However, following a prolonged period of nearly three years, An Bord Pleanála granted permission, with conditions, last June for a scaled down version of the first plan, involving a reduction in turbines from six to four, as well as changes to the proposed layout of the windfarm for a 25-year period.

The group recently stated it was “appalled” by the board’s decision to overturn Clare County Council’s refusal.
It expressed concern this “industrial development” in close proximity to their homes will affect their health, especially that of their children and older community members.

“Eight houses are under 500m from a turbine, 22 houses are 600m or under from one or more turbines and two more with planning permission are not yet built.

“Only one of the farmers hosting a turbine will be living near them – the rest are non-resident landowners. All four turbines will be in front of our own home, the closest to us will be directly in front of us at 540m,” stated group spokeswoman, Kathleen Connolly.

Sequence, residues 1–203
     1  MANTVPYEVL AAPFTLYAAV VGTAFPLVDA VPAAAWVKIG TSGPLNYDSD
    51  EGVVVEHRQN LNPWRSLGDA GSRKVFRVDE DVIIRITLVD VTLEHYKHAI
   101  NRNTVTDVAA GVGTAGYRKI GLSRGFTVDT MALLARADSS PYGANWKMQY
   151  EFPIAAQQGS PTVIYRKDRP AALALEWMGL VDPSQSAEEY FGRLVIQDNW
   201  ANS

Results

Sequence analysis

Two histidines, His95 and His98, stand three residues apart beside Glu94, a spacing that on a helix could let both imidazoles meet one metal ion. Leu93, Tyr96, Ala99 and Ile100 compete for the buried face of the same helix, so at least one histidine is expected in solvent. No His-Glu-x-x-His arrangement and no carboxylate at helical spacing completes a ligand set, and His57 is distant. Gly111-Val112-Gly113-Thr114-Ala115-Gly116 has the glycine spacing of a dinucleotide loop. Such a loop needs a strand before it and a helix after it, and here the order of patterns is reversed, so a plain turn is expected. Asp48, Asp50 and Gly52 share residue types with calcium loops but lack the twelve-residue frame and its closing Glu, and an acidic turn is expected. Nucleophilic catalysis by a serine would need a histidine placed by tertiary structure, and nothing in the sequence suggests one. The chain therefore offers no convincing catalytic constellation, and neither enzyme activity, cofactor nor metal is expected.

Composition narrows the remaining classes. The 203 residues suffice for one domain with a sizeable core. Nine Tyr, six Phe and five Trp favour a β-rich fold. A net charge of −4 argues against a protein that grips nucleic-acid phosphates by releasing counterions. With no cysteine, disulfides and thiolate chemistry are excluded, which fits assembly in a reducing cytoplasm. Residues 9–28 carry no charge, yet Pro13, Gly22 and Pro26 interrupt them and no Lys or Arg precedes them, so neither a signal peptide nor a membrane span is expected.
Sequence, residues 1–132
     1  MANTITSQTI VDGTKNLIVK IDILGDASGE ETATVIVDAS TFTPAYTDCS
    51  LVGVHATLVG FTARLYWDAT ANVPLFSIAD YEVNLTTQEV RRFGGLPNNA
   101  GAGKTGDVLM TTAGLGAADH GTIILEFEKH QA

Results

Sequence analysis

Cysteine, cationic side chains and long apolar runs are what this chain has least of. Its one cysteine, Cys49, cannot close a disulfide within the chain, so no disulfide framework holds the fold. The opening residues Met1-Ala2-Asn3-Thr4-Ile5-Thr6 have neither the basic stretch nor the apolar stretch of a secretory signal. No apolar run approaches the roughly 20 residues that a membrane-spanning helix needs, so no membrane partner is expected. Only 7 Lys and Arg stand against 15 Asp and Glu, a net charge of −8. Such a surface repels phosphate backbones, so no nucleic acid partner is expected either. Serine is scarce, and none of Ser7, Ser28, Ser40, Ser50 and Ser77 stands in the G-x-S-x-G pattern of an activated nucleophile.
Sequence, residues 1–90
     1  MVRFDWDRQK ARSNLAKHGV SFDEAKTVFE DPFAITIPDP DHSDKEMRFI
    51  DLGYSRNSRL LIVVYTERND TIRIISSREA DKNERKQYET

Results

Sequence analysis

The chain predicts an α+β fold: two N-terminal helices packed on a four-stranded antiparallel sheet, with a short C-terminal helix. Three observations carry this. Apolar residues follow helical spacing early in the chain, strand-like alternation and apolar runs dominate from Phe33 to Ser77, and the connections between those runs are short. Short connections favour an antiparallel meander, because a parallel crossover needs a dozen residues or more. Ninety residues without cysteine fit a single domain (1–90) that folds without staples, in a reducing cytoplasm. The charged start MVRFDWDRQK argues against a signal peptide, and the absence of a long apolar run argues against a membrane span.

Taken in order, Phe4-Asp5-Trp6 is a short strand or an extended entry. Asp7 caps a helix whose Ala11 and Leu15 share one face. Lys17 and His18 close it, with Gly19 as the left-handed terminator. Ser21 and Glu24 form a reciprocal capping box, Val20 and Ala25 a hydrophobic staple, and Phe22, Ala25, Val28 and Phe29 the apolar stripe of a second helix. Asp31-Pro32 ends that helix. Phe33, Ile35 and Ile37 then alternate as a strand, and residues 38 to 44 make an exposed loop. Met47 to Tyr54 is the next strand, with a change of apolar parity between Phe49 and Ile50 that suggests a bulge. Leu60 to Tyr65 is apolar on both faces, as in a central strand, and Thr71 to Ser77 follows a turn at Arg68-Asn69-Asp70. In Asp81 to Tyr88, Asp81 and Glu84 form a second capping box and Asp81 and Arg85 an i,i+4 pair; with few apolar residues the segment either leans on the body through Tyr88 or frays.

Notwithstanding the inspector’s assessment of impacts on European sites, which is noted, the board stated, in its grant of permission, that it completed an Appropriate Assessment in relation to the potential impacts of the proposed development on the Carrowmore Point to Spanish Point and Islands Special Area of Conservation and on the Mid-Clare Coast Special Protection Area.

Subject to the implementation of the identified mitigation measures, the board concluded that the proposed development, by itself, or in combination with other plans or projects, would not adversely affect the integrity of these European sites, in view of the conservation objectives for the sites.